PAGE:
Hey peeps, thanks for joining us again.This will be a relatively short post because today we are being transferred from Anchorage to Whittier where we embarked the beautiful Coral Princess in order to commence the 7 day sea portion of our Alaskan adventure.
On our route to Whittier we stopped by The Alaska Wildlife Conservation Center herein referred to as the (AWCC).
AWCC takes in injured and orphaned animals year-round and provides spacious enclosures and quality animal care. Animals that cannot be released into the wild are given a permanent home at the center.Does anyone know what extirpation means? I didn’t, and have since learned what it means by visiting the AWCC. If you didn’t know “Extirpation” means completely gone from a particular region—in other words, “locally extinct.”
After more than 100 years of extirpation throughout Alaska, wood bison have found their way back to the state! In collaboration with the Alaska Department of Fish and Game, AWCC is working to reintroduce the wood bison back into the Alaska wild. In 2003, 13 wood bison were brought to AWCC from a disease-free herd in the Yukon Territory in Canada. Yay Canada!!!!The goal is to release the AWCC herd back into the Alaska wild. Currently, AWCC is home to the only wood bison herd in the United States. The first wood bison calves born in the state of Alaska in over 100 years were born at AWCC in 2005. In 2008, AWCC received 53 calves from Canada and placed them with the existing AWCC herd. Since 2006, AWCC has seen the birth of multiple calves every spring.
We were lucky to be able to see some of those that will be released back into the wild as well as a few that will remain at the center for educational purposes. I believe about 130 have been released back into the wild since the onset of the program, here is a link in case you would like to read more about the final release.
Here a few more pictures of some of the residents…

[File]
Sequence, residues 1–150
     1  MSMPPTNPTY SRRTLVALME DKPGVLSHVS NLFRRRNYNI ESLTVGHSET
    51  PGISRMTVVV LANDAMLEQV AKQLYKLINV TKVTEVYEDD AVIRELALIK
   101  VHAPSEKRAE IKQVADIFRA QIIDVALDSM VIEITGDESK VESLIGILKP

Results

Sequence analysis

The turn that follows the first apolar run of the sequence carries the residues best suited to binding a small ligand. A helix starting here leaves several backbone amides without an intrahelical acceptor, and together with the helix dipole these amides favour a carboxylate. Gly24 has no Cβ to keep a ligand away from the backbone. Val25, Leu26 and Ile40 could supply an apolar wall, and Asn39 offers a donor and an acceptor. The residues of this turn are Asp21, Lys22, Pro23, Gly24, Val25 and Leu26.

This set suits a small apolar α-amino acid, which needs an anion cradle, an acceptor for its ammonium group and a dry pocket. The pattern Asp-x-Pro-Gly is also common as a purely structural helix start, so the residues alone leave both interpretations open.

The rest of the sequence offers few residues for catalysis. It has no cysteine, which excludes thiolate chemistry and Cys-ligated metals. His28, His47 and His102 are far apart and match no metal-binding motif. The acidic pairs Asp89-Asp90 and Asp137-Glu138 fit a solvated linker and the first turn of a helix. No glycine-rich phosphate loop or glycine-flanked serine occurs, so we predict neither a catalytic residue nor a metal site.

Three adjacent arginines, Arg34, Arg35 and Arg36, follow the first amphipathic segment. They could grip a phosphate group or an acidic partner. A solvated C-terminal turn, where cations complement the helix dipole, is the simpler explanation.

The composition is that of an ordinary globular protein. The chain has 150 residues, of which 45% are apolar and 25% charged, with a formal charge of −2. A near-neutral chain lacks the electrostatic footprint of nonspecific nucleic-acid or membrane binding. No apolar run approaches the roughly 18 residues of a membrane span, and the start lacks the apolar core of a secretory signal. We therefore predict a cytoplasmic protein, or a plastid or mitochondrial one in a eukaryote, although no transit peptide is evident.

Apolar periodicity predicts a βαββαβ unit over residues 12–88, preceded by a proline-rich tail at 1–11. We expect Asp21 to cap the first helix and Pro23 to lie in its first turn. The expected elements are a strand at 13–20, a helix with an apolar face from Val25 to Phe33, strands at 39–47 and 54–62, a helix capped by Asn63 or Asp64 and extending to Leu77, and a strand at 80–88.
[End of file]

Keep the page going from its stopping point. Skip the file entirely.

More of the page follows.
Alaska’s growing season is about 100 days and studies have shown some interesting effects the midnight sun has on plants. Here are a few examples of what a vegetable garden yields during this short growing season…
The drive from Anchorage to Whittier had us travel through the Anton Anderson Memorial Tunnel—the longest (2.5 miles) highway tunnel in North America.
The one-lane tunnel is shared by cars and trains traveling in both directions, and it usually needs to be aired out in between trips (with jet turbine ventilation). The unique design enables a single lane of traffic to travel directly over the railroad track and automobiles and trains take turns using the tunnel. It’s actually a pretty cool experience driving through it too. We were sitting in the front seat of the bus and captured a small portion on video of us exiting the tunnel on the Whittier side. It is our intention to upload it or at least a link to it soon.
In the below picture you will see one of the entrances to the tunnel, we have just left a staging area.
And look what is waiting for us on the other side!
The next leg of our adventure begins, 7 days onboard the Coral Princess. Our next posts will be all about where we travelled and what we saw or did from this point on. We do hope you stay with us as we make our way to Vancouver.
Rick and Sandra :)